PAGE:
WASHINGTON — The commander of the US Marine Corps wants to forge a new command focused on information operations and better coordination.
The creation of the Marine Corps Information Command, or MCIC, was included in a May 9 update to Force Design 2030, Gen. David Berger’s plans, criticized by some for being disconnected, to optimize the Corps and counter contemporary threats. .
“We believe that in a conflict with a peer adversary, the first moves may be in space and cyber, so we need to allow our replacement forces, ‘expeditionary units and expeditionary forces’ to integrate into those capabilities and to have access to it now”. “, says the document.
Force Design 2030 was first released in March 2020 and changed just over a year ago. The latest update, which arrived this month, placed a heavy emphasis on reconnaissance, data collection, and keeping a low profile. Information command could streamline collaboration and reduce burdens “at the headquarters level”, he said.
The document asks officials to develop options for the creation of the MCIC, among other instructions. No specific timeline was provided.
“Although we started three years ago with a strong focus on lethality, which remains important, now comes to the fore the importance of the hideout seeker, scout-counter-recognition, scout-counter-scout, whatever whatever term you want to use — the importance of earning that upfront and always,” Berger said earlier this month, according to Defense News.
“It doesn’t diminish the importance of lethality, but you can’t use lethality if you can’t find them,” he said. “Or, put it another way, if you’re so big and fat and immobile and vulnerable to their sensors, all the lethality in the world isn’t going to help you.”
The MCIC concept comes as complex competitors, including China and Russia, invest in cyber and other digital capabilities that could endanger US military forces and critical infrastructure. The Marine Corps expects to come up against forces with significant computer, cyber, networking, and surveillance skills.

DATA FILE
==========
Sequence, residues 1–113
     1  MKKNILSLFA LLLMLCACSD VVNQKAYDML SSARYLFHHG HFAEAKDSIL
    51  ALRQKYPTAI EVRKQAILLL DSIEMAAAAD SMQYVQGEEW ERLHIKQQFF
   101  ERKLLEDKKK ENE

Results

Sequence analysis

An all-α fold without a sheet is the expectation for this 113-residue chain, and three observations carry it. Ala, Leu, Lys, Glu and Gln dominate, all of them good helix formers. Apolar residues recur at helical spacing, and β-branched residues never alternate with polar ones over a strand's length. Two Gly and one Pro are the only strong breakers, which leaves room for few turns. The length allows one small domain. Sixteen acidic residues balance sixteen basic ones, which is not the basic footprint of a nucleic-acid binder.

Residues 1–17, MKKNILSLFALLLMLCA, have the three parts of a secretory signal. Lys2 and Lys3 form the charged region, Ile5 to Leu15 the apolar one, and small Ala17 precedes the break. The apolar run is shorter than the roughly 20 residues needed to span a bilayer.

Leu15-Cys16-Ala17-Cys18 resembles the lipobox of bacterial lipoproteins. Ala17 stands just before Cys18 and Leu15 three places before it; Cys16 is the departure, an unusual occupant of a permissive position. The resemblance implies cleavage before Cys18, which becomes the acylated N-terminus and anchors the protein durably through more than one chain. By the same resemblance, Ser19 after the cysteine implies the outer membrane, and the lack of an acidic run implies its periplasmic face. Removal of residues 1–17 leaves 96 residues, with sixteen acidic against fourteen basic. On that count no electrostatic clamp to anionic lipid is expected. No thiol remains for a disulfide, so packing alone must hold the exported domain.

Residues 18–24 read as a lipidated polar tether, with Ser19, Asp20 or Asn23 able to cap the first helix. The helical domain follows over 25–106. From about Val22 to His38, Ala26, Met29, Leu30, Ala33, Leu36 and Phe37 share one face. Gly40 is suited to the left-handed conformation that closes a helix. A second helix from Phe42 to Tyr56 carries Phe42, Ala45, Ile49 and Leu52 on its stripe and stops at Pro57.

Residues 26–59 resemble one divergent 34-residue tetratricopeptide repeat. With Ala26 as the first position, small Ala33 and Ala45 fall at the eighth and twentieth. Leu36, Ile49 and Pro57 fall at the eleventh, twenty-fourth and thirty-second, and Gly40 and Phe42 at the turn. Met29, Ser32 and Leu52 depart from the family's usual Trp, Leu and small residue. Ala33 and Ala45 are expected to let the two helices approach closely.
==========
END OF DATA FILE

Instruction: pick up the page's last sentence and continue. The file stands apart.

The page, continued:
Recent war games and demonstrations, including Enigma and Expeditionary Warrior, tested concepts of operations in what was considered the information environment and the gray area, competition below the level of traditional armed conflict.
“Virtually every exercise that we do now, that we’re involved in, we insert a force design component,” Lt. Gen. Karsten Heckl, the deputy commander for combat development and integration, said the May 4 at a Center for Strategic and International Studies Event.
Force Design 2030 has driven a wedge in some military communities, with retired generals, analysts and other leaders criticizing its surrenders and pivots.
“Ultimately, the Corps will have more space experts, cyber warriors, influencers, missiles and others with unique skills – many of which are already supplied by other elements. of the joint force,” said Paul K. Van Riper, a retired lieutenant general. , wrote in an opinion piece published by the Marine Corps Times in March. “But he will only have them because he abandoned the Marines ready to close in and destroy the enemy.”
Arguments have appeared in the Wall Street Journal, the National Review and other publications.
Colin Demarest is a reporter at C4ISRNET, where he covers military networking, cyber and IT. Colin previously covered the Department of Energy and its NNSA — namely the Cold War cleanup and the development of nuclear weapons — for a South Carolina daily. Colin is also an award-winning photographer.